A third-year student studying psychology and criminology at UTM was handcuffed and escorted to the hospital when they went to the Health and Counselling Centre (HCC) for mental health concerns.

 The incident occurred back in 2017 at the beginning of October, during the student’s first year at UTM. She had recently moved to Canada with her family and had decided to stay in residence for her first year.

“It was hard to adapt,” said the student. “I had some issues stemming from high school, but when I came here, it was really hard to adapt. Everything got to me and I wasn’t feeling great.”

The student decided to seek help at the HCC.

When meeting with a counsellor, the student expressed that she was experiencing suicide ideation. The counsellor directed her to a mental health nurse.

A couple days later, the student met with the mental health nurse. The student filled out a checklist and was ranked high for depression. The nurse said she needed to see a physician.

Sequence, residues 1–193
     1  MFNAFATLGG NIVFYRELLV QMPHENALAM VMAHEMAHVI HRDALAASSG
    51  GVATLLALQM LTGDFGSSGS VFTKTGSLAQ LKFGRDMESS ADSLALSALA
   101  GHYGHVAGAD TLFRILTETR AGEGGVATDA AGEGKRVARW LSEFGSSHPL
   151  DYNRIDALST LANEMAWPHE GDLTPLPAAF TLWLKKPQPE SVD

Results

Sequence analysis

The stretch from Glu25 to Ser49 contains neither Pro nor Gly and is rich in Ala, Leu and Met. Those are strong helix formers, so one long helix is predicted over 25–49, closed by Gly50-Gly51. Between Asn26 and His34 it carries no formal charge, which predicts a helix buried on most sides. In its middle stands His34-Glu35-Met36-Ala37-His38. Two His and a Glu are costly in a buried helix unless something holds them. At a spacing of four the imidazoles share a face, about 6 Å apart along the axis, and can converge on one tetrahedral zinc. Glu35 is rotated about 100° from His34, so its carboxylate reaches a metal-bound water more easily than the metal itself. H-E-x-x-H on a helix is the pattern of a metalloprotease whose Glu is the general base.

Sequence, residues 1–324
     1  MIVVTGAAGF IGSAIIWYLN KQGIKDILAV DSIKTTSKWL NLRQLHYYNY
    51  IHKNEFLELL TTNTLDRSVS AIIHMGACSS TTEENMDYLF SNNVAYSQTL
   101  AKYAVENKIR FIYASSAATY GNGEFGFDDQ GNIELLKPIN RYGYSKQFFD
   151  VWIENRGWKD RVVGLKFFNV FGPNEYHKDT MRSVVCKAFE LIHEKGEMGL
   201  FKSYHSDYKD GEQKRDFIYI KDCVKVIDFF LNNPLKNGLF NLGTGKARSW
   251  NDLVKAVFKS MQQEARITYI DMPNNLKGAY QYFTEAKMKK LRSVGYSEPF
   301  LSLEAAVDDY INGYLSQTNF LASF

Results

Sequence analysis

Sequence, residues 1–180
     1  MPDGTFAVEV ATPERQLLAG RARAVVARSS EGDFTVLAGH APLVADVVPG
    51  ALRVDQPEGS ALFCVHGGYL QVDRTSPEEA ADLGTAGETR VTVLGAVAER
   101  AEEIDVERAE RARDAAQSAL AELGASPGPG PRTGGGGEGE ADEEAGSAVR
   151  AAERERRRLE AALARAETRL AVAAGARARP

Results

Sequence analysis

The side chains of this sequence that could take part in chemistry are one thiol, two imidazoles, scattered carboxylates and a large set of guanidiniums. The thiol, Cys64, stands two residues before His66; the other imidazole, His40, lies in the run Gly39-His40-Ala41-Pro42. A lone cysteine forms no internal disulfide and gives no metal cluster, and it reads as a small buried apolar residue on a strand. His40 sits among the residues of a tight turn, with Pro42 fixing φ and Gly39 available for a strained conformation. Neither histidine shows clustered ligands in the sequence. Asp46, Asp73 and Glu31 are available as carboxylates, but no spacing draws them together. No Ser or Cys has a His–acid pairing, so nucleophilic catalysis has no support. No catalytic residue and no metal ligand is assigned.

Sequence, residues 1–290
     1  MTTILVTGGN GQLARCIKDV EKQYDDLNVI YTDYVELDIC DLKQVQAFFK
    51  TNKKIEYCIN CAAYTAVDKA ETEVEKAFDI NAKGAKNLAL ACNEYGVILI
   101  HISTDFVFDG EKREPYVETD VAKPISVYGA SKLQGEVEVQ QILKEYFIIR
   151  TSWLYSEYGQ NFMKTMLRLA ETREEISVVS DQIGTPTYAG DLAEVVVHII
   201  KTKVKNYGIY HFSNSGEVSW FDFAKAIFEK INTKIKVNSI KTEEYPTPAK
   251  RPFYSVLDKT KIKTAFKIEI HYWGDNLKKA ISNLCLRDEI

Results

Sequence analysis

When the student finally met with the physician, she was asked about her whole history again.

“This was basically the third time that I had to repeat everything to someone, and it wasn’t easy because there was a lot of things to talk about and it’s just not easy trying to talk about issues,” said the student.

The physician asked if she had a plan for committing suicide, to which the student said possibly by overdosing.

The physician said she had to admit the student to the hospital. The student agreed with the physician’s order but asked to go after her exam the next day. The physician said she had to go immediately and called Campus Police.

When the student asked why the Campus Police was being involved the physician said, “that’s how we usually do it.”

When the student asked if it was common for the Campus Police to be involved the physician said, “it’s procedure but I would say it’s pretty rare for us to call Campus Police.”

The student said that it wasn’t necessary; she could go on her own or with a friend to the hospital.

She had previously told the physician that a police confrontation in her youth had traumatized her and was one of the reasons she was depressed.